Google Maps add radar-driven weather conditions
Want to know what the weather is like right now somewhere else? Today, you can just click around on a radar-enabled Google map to quickly get the lowdown on temperature, humidity, wind conditions, and a lot more.
When you're heading out of town, you're interested in what kind of weather to expect when you get there, right? Well, starting today, answering questions like that is as easy as clicking on a Google map, due to a new "mapplet" rolled out by The Weather Channel Interactive, Inc. (TWCI).
Essentially, Google's map site now has a new weather data layer which is powered by The Weather Channel's HiRAD, a patented technology combining information from Doppler radar, satellite transmissions, computer models, climate profiles, and lightning strike detection systems.
Google's new radar-enabled weather maps aren't the only ones in the world -- but unlike some of the others, they're free.
Google's weather maps are cool to play with, too. You can manipulate what appears on the map display by using standard directional and zoom controls as well as by choosing from among a set of weather-enabled overlays: US Clouds; US Radar; US Clouds and US Radar; and Global Clouds.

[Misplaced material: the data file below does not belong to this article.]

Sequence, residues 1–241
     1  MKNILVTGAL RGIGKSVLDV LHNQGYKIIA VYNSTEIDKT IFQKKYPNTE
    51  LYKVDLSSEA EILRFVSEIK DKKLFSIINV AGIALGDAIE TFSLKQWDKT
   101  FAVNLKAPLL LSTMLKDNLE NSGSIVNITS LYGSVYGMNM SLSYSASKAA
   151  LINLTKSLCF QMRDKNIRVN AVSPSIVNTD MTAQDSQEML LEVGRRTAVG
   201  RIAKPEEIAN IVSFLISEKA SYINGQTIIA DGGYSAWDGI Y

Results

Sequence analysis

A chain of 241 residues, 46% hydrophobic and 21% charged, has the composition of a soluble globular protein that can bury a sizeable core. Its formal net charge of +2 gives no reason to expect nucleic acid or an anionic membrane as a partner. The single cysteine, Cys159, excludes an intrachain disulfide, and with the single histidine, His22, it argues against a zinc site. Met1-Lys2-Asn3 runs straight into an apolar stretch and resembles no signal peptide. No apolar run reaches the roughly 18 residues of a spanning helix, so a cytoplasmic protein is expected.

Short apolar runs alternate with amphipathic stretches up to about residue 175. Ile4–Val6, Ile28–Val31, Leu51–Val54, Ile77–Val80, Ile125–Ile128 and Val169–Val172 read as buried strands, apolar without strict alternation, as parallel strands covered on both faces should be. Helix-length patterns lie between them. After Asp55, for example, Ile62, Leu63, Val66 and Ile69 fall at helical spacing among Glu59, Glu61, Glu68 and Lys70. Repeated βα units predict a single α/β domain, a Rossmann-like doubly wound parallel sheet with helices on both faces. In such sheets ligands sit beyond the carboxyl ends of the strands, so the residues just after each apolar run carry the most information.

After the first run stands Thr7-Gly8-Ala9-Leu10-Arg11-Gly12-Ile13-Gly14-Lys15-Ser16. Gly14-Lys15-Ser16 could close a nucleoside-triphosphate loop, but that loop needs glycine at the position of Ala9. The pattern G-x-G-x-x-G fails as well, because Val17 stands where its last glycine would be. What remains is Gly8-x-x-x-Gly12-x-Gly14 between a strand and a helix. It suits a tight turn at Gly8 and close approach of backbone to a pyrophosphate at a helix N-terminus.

By clicking on any of a number of "weather bubbles," you can get detailed HIRAD data about the city underneath the bubble -- including wind speed, temperature, humidity -- and you can also follow links to The Weather Channel for hourly, 10-day, and video forecasts.
By casually clicking around today on a map of Canada today, for instance, BetaNews quickly discovered temperatures as low as 24 degrees below 0, Fahrenheit.
But if there's weather at a point of interest which is considered really "severe" -- such as a bad storm -- the bubble will be displayed in red, and details of the weather alert will also be shown.
When hurricane season comes along, TWCI plans to add a Hurricane Central option, which will let users track an active storm on the map.
One competitor to Google's new free service, WeatherTAP.com, also combines storm tracking with radar and satellite imagery. But subscriptions to WeatherTAP.com cost either $6.95 monthly or $73.95 yearly, although free trials are available.